Planet Scheme

May 22, 2018

Programming Praxis

Floyd’s Triangle

I noticed the other day this list of the Top 75 Programming Interview Questions. I’m not sure of the origin of the list, and it does have a Java feel to it, but I was happy to see that we’ve covered almost all the questions on the list. One of the questions we missed is Number 57:

Write a program to print Floyd’s Triangle.

I wasn’t familiar with Floyd’s Triangle, so I had to peek at the solution. Floyd’s Triangle lists the numbers in order, in lines of increasing length, so a Floyd’s Triangle of size 5 looks like this:

1
2 3
4 5 6
7 8 9 10
11 12 13 14 15

Your task is to write two programs that print Floyd’s Triangle; you must write two different programs that use two fundamentally different methods. When you are finished, you are welcome to read or run a suggested solution, or to post your own solution or discuss the exercise in the comments below.

by programmingpraxis at May 22, 2018 09:00 AM

May 18, 2018

Programming Praxis

Billing Period

I’m not sure of the origin of today’s exercise, but given the contrived nature of the calculation, I suspect it’s a programming exercise for beginning programming students:

Our merchants receive “weekly” invoices, following these rules:

  • Each Saturday marks the beginning of a new billing period.
  • Each 1st of a month marks the begining of a new billing period.
  • Within a year, billing periods are numbered consecutively, starting with billing period 1 on January 1st.

Thus, a billing period can be referenced by a year and period number.

Your task is to write a program that calculates the billing period for a given date. When you are finished, you are welcome to read or run a suggested solution, or to post your own solution or discuss the exercise in the comments below.

by programmingpraxis at May 18, 2018 09:00 AM

May 16, 2018

Andy Wingo

lightweight concurrency in lua

Hello, all! Today I'd like to share some work I have done recently as part of the Snabb user-space networking toolkit. Snabb is mainly about high-performance packet processing, but it also needs to communicate with management-oriented parts of network infrastructure. These communication needs are performed by a dedicated manager process, but that process has many things to do, and can't afford to make blocking operations.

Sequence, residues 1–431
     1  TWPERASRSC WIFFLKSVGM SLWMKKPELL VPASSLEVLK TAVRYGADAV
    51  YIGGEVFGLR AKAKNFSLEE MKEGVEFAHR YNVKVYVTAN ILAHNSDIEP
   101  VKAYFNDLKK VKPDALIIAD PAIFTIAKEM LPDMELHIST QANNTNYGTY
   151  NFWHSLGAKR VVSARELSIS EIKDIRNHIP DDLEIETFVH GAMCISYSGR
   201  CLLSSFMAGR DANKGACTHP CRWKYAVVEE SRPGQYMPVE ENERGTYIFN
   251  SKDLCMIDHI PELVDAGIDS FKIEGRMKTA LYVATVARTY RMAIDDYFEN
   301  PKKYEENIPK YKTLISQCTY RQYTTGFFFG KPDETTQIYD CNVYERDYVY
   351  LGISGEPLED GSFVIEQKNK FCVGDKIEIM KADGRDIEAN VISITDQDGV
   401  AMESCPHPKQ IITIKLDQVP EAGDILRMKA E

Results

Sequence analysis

Snabb is written in Lua, which doesn't have built-in facilities for concurrency. What we'd like is to have fibers. Fortunately, Lua's coroutines are powerful enough to implement fibers. Let's do that!

fibers in lua

First we need a scheduling facility. Here's the smallest possible scheduler: simply a queue of tasks and a function to run those tasks.

local task_queue = {}

function schedule_task(thunk)
   table.insert(task_queue, thunk)
end

function run_tasks()
   local queue = task_queue
   task_queue = {}
   for _,thunk in ipairs(queue) do thunk() end
end

For our purposes, a task is just a function that will be called with no arguments.

Now let's build fibers. This is easier than you might think!

local current_fiber = false

function spawn_fiber(fn)
   local fiber = coroutine.create(fn)
   schedule_task(function () resume_fiber(fiber) end)
end

function resume_fiber(fiber, ...)
   current_fiber = fiber
   local ok, err = coroutine.resume(fiber, ...)
   current_fiber = nil
   if not ok then
      print('Error while running fiber: '..tostring(err))
   end
end

function suspend_current_fiber(block, ...)
   -- The block function should arrange to reschedule
   -- the fiber when it becomes runnable.
   block(current_fiber, ...)
   return coroutine.yield()
end

Here, a fiber is simply a coroutine underneath. Suspending a fiber suspends the coroutine. Resuming a fiber runs the coroutine. If you're unfamiliar with coroutines, or coroutines in Lua, maybe have a look at the lua-users wiki page on the topic.

The difference between a fibers facility and just coroutines is that with fibers, you have a scheduler as well. Very much like Scheme's call-with-prompt, coroutines are one of those powerful language building blocks that should rarely be used directly; concurrent programming needs more structure than what Lua offers.